Further streamlining is also seen by examining the way the countries themselves are grouped. They may be clustered according to:

  • Consumer similarities. For example, consumers in the UK and Ireland are likely to have similar preferences and expectations. This helps Nike adjust marketing strategies accordingly.
  • Retail similarities, or a likeness of retail structures.
  • Similarities in market size or market development stage.

Regional matrix structure and subsidiaries

Regional matrix structure

Nike’s matrix structure is also present at the regional and sub-regional levels. Managerial responsibility is segmented according to:

  • Business unit – apparel, footwear, and equipment.
  • Function – human resources, finance, marketing, sales, and operations.

Again, the employee must report to two managers. In this case, the functional department manager and the product manager.


Nike has 54 wholly-owned subsidiaries, including Umbro, Cole Haan, Converse, and Hurley.

Like sub-regions, these subsidiaries enjoy some level of autonomy. However, projects exceeding limits set by either the regional or global headquarters must obtain approval.

Generally speaking, subsidiaries are free to make operational decisions at the country level. These decisions may encompass the implementation of plans, local initiatives, or adaptation strategies.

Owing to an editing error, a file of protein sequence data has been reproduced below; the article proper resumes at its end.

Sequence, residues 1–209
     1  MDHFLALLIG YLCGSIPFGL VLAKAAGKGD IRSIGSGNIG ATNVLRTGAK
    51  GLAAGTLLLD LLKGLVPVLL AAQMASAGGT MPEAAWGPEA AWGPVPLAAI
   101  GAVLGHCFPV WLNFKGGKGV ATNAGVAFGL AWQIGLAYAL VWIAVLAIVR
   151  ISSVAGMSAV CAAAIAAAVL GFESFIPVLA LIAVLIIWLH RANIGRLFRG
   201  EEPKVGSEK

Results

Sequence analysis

Key takeaways:

  • Nike has a matrix organizational structure with a strong preference for geographic and regional divisions.
  • At the top of the Nike hierarchy is global corporate leadership headquartered in Beaverton, Oregon. Senior executives head seven functional groups that manage operations in the United States, Americas, and Asia Pacific.
  • Nike also has regional headquarters in the Netherlands that manages Europe, Middle East, and Africa. Countries in these regions are segregated to streamline operations and group consumers with similar preferences or attributes.

Read Next: Organizational Structure, Nike Business Model, Nike Mission, Nike SWOT, Nike Pestel.

Related to Nike Organizational Structure

Nike vision is “to bring inspiration and innovation to every athlete in the world.” While its mission statement is to “do everything possible to expand human potential. We do that by creating groundbreaking sport innovations, by making our products more sustainably, by building a creative and diverse global team and by making a positive impact in communities where we live and work.”
The top individual shareholder is Travis A. Knight, son of Philip Knight, co-founder of Nike, with a 12.9% stake of Class A stocks and 3.2% stake of Class B stocks. On the other hand, the Knight family also keeps tight control of the company through their Trusts and an LLC called Swoosh (the Nike logo’s shape is a “swoosh”). Through individual shares, Swoosh LLC, and Travis Knight’s irrevocable trust, the Knight family controls over 97% of Class A stocks and over 22% of Class B stocks.